An installment of the ""Eyewitness Art"" series, this is an unmusty introduction to Western art, for teenagers and beyond;...

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An installment of the ""Eyewitness Art"" series, this is an unmusty introduction to Western art, for teenagers and beyond; it dispels all stodginess, and invites even the most obtuse to sneak a peek. Almost everyone is taught to read words, but few learn to read art. Yet art in the past (before printing, photography, etc.) was a necessary tool of recordkeeping, not the luxury it is considered today. Kent's book is designed to guide readers through the skills of ""reading"" Western art. Discussing composition as part of the language of art, she adds that for many artists, it is not a planned but intuitive process, and one that they might be unable to explain. She covers traditional structures of composition: the golden section, the vanishing point, the dramatic diagonals, the sacred geometries, and much more. But she also shows how light, color, and even chance can influence art's meaning. An added joy is the inclusion of some contemporary insight as to how a female artist portrays a female model differently than a male artist might, a point often overlooked in art critiques. The magnificent full-color reproductions mix old masters and other classics with lesser known works; text and layout highlight specific details of paintings to explicate ideas; the effect is a clear, near-comprehensive discussion in pages that have an airy, approachable look and feel.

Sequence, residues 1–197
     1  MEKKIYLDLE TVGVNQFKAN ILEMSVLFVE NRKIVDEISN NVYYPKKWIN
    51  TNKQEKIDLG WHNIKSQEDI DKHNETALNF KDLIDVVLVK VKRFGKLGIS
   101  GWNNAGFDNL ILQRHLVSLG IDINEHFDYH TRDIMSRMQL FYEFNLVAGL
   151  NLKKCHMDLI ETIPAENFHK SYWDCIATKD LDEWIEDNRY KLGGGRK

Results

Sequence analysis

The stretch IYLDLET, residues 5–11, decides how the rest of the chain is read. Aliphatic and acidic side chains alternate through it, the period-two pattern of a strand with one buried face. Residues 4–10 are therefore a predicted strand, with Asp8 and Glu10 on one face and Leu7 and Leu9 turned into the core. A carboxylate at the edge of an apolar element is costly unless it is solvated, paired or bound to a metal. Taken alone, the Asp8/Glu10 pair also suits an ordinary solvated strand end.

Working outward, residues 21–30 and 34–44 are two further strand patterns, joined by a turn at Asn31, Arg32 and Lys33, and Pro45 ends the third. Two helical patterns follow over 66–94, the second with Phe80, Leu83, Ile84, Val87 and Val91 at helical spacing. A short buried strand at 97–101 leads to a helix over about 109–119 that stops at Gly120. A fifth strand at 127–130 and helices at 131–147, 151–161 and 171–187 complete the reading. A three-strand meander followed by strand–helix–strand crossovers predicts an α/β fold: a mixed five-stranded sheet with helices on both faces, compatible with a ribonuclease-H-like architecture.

Pub Date: March 15, 1995

ISBN: N/A

Page Count: 64

Publisher: Dorling Kindersley

Review Posted Online: N/A

Kirkus Reviews Issue: Feb. 15, 1995